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Bornholmsk also has special endings for the 2nd person, when a pronoun follows immediately after the ending, namely -st in the singular and -en in the plural: God awtan liden Elna, gods fredd, God awtan, min deilia rosa!Bornholmsk has retained three distinct grammatical genders, like Icelandic or Norwegian, and unlike standard Danish or Swedish.The gender inflection exists not only in the definite article (like in Norwegian and certain Danish dialects), but also in the adjectives: -er is the old ending of the masculine nominative still extant in German (-er), Icelandic (-ur) and Faroese (-ur), but lost in the other Scandinavian dialects (except for certain old phrases like Danish en ungersvend, originally en unger svend, "a young fellow"). Feminine nouns have -er or, when they end in a vowel in the singular, -ar.It was originally part of the East Danish dialect continuum, which includes the dialects of southern Sweden, but became isolated in the Danish dialect landscape after 1658, when Sweden annexed Skåne, Halland and Blekinge.The language is more generally spoken than written, despite the existence of several Bornholmsk-Danish dictionaries and a regular Bornholmsk article in the local newspaper.
Dating for gifte bornholm disease
Bornholmsk does not have the stød characteristic of most varieties of Danish, but on the other hand, it does not have the musical accent characteristic of Swedish and Norwegian either.In the list, there is special emphasis on the developments that set Bornholmsk apart from Standard Danish. Old Icelandic) forms have been quoted instead of Old Danish forms.Ad gubbań hań vill freia, jâ vedd; Men toustuiń, vastu jo tosa. Te öfröl ded lakkar well snarara, du, En kånna, - ded bler nokk for siĺĺa; Men jâ går å stjærnar på piblana nu, Forr jâ e nå nu så viĺĺa. God aften, lille Elna, guds fred God aften, min dejlige rose! That the old man will court you I know, But if you took him, you would be a foolish lass. ˈdeː sɔn iɲ ˈstoːʁ ˈflɑːðɐ ˈsteːn dɛɲ e ˈtʰʁeː ˈɡɔŋːa sɔ ˈstoːʁ sɔm ˈboːʁəð ˈhɛːʁ vɛl - ɔ dɛɲ ˈlidʑəʁ veːʁ ˈvɛːɲ sɔm ˈkʰɔmːəʁ ɔwːəʁ fʁɔ ˈkʰliːnby ɔ ɡɔʁ ˈɔwːəʁ imoð ˈkʰoːdɑːl tʰeː - ɔ dɛːʁ ˈdʑikʰ jo ˈalsɔ ˈsawnəð i ˈɡamla ˈdɑː - fɔʁ ˈkʰliːnbyˌboːʁna di ˈhøːʁə meː tʰe ˈibskəʁ ˈsɔwn ɔ ˈibskəʁ ˈtɕɛʁkʰə sɔ ˈnɔʁ di ˈdœː di ˈskʰolːe hɑː ˈbɔːʁan tʰe ˈibskəʁ sɔ ˈbɑːʁ di ˈdɛɲ pʰɔ ˈsɔn e ˈbɛːʁiɲə - ɔ sɔ ˈviːlaða di ˈdɛːʁ pʰɔ - pʰɔ ˈlɛːjˌsteːniɲ - ɔ sɔ ˈhɑːð di jo ˈmɑːð i ˈkʰɔʁːiɲ - ˈbʁɛɲevinsˌflaskəʁ ˈmeː sɛˈfølːi - di ˈskʰolːə ˈhɑ dɔm en ˈsyːpʰ ɔ ˈstɔʁtɕa dɔm ˈpʰɔː ɔ sɔ ˈvɑːŋkʰaðː di ˈviːðəʁa fɔʁ di ˈmɔtʰːe jo ˈentʰə ˈsɛtʰːa ˈtɕiːstan pʰɔ ˈjoːʁən - mæŋ kʰu jo ˈtʰʁoːˀ æ d̥i ˈɔnʌˌjoɐ̯ˀd̥isɡ̊ə hʌl ˈtˢe pʰɔ ˈsʌn ˈsd̥ɛːð̞ɐ ...The small island has only about 40,000 inhabitants, yet the language is divided into five main dialects, not even counting Danish.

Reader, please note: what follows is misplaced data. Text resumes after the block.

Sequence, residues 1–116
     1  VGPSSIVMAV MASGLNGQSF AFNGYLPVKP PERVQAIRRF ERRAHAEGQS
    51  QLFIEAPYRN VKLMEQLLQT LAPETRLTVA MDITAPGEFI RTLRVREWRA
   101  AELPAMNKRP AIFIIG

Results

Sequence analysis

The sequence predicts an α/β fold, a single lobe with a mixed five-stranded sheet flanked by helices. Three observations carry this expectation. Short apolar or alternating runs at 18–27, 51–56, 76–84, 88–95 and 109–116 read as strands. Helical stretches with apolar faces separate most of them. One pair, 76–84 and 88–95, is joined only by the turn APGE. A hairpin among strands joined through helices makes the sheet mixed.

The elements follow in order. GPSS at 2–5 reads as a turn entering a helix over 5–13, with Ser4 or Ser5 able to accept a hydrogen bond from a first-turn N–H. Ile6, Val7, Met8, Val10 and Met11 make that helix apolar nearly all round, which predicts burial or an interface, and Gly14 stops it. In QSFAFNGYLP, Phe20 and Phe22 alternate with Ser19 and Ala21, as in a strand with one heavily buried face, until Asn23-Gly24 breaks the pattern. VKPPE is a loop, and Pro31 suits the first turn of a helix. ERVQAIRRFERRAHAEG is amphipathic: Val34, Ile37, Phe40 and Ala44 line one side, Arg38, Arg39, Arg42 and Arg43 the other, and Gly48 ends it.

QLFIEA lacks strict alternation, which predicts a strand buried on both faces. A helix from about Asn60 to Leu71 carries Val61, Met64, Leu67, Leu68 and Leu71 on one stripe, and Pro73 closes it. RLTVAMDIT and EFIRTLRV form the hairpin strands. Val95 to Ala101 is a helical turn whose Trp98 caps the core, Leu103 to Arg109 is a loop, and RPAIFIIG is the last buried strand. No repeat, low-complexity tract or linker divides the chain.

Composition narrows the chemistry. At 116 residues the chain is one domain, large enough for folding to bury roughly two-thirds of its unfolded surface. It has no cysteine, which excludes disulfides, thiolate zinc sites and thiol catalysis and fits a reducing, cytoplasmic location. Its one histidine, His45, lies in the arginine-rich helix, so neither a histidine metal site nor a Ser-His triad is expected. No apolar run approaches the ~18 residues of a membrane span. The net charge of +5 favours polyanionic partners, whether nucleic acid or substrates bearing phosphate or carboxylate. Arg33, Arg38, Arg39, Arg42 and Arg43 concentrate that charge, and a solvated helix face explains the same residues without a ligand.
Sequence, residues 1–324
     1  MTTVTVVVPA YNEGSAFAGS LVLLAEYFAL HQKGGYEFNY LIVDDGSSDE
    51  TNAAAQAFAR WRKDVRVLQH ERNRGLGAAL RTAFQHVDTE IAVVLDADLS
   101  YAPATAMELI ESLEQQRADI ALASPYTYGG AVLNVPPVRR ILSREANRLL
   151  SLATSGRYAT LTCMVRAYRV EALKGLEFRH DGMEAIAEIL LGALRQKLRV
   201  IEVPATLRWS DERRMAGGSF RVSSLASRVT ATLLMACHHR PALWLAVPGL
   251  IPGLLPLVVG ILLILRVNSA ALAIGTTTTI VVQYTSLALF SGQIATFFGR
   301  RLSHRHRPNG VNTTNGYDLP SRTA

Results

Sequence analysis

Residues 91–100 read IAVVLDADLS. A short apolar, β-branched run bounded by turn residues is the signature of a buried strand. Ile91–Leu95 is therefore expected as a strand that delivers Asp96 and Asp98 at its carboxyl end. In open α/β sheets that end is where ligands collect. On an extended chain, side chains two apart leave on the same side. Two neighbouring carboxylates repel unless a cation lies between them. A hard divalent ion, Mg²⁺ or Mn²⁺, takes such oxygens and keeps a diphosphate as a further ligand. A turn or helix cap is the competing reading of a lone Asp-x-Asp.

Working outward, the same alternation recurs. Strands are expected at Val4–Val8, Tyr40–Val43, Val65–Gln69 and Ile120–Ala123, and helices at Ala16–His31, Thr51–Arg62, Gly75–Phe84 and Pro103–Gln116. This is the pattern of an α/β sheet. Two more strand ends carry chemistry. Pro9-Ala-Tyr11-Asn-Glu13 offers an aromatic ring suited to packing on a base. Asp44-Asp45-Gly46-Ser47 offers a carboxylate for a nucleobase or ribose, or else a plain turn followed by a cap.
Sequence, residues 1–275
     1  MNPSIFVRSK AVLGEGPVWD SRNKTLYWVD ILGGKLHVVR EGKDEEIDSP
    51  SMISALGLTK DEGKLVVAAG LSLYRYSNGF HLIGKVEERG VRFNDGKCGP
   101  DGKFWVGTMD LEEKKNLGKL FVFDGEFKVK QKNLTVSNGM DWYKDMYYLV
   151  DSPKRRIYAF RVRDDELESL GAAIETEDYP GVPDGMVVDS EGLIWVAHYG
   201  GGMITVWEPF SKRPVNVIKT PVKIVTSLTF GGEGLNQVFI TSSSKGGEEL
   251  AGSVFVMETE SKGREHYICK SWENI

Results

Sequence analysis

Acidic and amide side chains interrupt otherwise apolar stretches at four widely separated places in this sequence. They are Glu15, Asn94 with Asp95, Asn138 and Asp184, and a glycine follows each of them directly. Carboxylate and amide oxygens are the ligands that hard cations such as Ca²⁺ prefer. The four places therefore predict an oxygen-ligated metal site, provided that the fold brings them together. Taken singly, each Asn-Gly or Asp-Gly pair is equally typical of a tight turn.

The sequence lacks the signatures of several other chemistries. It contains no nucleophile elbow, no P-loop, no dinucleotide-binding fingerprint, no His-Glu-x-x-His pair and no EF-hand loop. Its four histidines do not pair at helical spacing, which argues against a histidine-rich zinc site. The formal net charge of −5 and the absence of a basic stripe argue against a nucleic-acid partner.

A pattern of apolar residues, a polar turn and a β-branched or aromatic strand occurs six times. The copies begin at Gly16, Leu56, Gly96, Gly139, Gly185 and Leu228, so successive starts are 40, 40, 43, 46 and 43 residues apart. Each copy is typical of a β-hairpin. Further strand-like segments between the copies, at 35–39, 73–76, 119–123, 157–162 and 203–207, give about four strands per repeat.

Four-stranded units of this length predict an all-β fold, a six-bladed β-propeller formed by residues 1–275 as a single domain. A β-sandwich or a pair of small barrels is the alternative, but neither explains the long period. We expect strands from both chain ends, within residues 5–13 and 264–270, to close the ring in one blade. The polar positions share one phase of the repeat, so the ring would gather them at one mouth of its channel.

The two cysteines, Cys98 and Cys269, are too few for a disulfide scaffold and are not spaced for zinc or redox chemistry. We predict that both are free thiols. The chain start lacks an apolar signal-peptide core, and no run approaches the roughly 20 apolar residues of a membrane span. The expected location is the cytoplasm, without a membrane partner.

As an example, eye would be spelled iva in some regions, but elsewhere it would be øja, which is quite close to the Danish word øje.
Until the 20th century, Bornholmsk inflected the verbs in number, e.g.
jâ bińńer "I bind" ~ vi bińńa "we bind", jâ bânt "I bound" ~ vi bonne "we bound".
An official standardised orthography of Bornholmsk does not exist since Standard Danish is taught in schools and is the language of all public communication.
However, dialect texts use a simplified phonetical alphabet (invented by K. Lyngby in the 19th century and also employed in Espersen's dictionary of Bornholmsk): A stressed syllable always contains either a long vowel or a long consonant (like in Swedish, but unlike Standard Danish, where there are no long consonants).